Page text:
Most asynchronous communication happens in writing, meaning there’s a clear record of conversations and decisions. This clear record creates a more transparent workplace culture. It makes it easy for everyone on your team to get the context they need on their own.
Sure, you can assign someone to take notes during a synchronous meeting. But these notes don’t tell the whole story. They’re snippets recorded by a second-hand source — they lack context, clarity, and perspective.
In an asynchronous workplace, teams create a shared internal document that records the comments and contributions of every teammate — in their own words. These documents can replace your meeting entirely, or be used in addition to your meeting.
Tip: Email chains and Slack channels can also be used in lieu of real-time meetings.
Now, you have a truly representative record of the meeting. Teammates looking for context behind a decision made from this meeting know where to go — that shared document.
Remote workers can feel isolated from the rest of their team, particularly if they’re left out of meaningful conversations.
For example, Jamie and Alex run into each other in the hallway. They start discussing design ideas they each have for an upcoming landing page. By the end of their conversation, they’ve come up with an entirely new mockup that they send to the developer, Theo, who works remotely.
Theo has his own ideas for the landing page, but, at this point, feels two steps behind the group. Is it worth it to share his thoughts and slow down progress? Or should he just go with Jamie and Alex’s idea?
On the other hand, here’s how asynchronous communication democratizes critical information: Jamie and Alex run into each other in the hallway. Jamie proposes a new idea for the landing page. Alex tells Jamie to write these ideas up in a memo so that Theo can contribute his feedback.
Jamie formulates her ideas in a memo, then shares it with Theo and Alex. They, in turn, read through and comment on Jamie’s memo. After a series of asynchronous collaboration, they schedule a conference call to discuss next steps.
In this scenario, Theo is involved from step one — despite missing out on that initial hallway conversation between Jamie and Alex.
Creating an asynchronous workplace isn’t just about choosing specific tools to communicate. Case in point: Slack and email can be used asynchronously or synchronously. Many teams, unfortunately, use these tools for synchronous communication. For example, Yahoo Labs found that the average response time for most emails is 2 minutes.
Teams need to make a cultural shift in how they communicate if they want to succeed as an asynchronous workplace.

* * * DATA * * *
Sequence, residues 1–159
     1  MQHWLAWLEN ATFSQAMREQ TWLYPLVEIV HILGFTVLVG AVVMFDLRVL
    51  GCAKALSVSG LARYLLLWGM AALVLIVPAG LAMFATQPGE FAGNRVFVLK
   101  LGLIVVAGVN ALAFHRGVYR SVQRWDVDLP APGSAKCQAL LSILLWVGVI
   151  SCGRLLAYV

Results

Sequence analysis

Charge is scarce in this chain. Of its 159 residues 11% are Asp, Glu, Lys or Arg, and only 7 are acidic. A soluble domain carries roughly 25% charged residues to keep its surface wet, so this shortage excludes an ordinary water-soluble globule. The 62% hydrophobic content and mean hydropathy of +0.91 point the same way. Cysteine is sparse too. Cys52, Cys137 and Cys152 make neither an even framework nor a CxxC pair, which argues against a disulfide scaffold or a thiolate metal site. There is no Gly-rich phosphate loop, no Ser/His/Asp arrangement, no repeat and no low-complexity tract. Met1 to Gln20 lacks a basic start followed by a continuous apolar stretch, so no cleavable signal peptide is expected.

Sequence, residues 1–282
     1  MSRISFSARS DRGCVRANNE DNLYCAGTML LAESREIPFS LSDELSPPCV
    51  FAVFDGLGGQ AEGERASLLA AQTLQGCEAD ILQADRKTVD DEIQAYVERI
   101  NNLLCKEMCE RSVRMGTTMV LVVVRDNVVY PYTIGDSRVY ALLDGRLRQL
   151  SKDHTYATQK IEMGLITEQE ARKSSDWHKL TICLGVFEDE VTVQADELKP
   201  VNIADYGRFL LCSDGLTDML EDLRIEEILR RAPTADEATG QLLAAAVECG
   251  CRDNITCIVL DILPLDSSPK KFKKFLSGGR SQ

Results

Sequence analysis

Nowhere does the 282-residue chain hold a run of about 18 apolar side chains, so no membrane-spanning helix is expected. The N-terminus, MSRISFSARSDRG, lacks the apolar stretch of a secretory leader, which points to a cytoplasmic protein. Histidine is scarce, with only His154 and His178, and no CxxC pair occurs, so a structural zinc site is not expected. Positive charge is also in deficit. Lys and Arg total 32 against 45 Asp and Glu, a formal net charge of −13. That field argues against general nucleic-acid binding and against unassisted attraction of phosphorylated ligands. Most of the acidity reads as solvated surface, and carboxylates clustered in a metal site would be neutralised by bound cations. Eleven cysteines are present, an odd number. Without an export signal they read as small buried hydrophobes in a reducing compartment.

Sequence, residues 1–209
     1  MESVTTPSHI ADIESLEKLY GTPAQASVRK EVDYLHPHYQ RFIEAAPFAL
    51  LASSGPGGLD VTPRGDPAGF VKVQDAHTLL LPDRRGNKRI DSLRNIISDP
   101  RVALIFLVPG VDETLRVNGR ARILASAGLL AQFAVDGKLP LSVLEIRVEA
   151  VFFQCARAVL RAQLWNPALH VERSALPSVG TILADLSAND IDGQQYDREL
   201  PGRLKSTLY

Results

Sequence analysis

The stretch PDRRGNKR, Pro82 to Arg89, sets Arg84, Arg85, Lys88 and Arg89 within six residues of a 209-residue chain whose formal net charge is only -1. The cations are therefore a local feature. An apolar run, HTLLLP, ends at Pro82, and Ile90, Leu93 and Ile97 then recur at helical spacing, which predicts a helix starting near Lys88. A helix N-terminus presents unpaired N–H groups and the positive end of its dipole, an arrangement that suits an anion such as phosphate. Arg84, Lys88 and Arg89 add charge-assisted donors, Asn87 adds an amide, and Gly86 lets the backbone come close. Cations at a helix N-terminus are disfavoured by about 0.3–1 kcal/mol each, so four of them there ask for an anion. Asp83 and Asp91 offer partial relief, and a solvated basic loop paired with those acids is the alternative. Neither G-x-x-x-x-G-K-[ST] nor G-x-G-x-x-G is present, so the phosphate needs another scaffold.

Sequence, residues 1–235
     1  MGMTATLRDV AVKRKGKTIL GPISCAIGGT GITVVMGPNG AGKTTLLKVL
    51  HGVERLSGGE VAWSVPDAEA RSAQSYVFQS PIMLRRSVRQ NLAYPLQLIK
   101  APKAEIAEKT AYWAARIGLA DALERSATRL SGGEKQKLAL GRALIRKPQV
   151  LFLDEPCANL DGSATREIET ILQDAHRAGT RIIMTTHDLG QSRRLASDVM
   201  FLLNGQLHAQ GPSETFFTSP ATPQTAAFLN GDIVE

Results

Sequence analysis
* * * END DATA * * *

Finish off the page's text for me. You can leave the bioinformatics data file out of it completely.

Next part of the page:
As mentioned earlier, there are scenarios when time is a factor. That should be the exception, not the rule. Your team should avoid phrases like “Can I get feedback ASAP” or “I’d love your input within the next hour.” Asynchronous communication only works if teammates know they have time to process and respond.
Create a clear set of expectations for when teammates should respond to messages. For example: Respond to Slack within one business day and email messages within two business days.
Before your meeting, prepare and share an agenda with a narrow focus. Ask your teammates to review the agenda and draft a well-written memo of their ideas, questions, and comments. Then, set aside time at the start of your meeting for a table read (this table read is the silent meeting portion of your meeting). Attendees read the memos shared by their colleagues and record their ideas and notes on index cards.
Once the table read is complete, engage in a facilitator-led discussion. During this discussion, the team synthesizes the information read, as well as the comments that stemmed from the reading.
Strong writing reduces confusion and frustration. A well-written memo, for example, is easy to understand. There is no need for a teammate to follow up for clarity. Strong writing is a core component of asynchronous communication. Of course, not everyone on your team is comfortable writing. Fortunately, there are ways to empower everyone on your team to be better at writing.
We all fall victim to notifications. We can’t help check Slack or our inbox the moment we see a new message arrive. It’s Pavlov’s classical conditioning for the 21st century.
That’s why asynchronous workplaces should encourage workers to set aside time blocks during the day to check and respond to messages (email, Slack, etc.). For example, encourage teammates to check Slack first thing in the morning, just after lunch, and at the end of the day.
Need to get in touch with someone immediately? No problem. As we mentioned earlier, have teammates add their phone numbers to their Slack profiles for emergencies only.
If your team can work wherever and whenever they want, they should. No one should feel forced to come to the office — unless their job requires them to. No one should feel obligated to work certain hours — again unless their job requires them to. Studies show remote work can boost productivity.
Eventually, asynchronous communication will be standard practice. Remote work is becoming widely accepted — and asynchronous communication is often the most efficient way to work remotely.
By adopting an asynchronous culture now, you prepare your team for the inevitability that comes from working with remote and distributed employees.
But even if you’re not remote, or have no plans to go remote, embracing an asynchronous culture empowers your team to work more efficiently and communicate more clearly.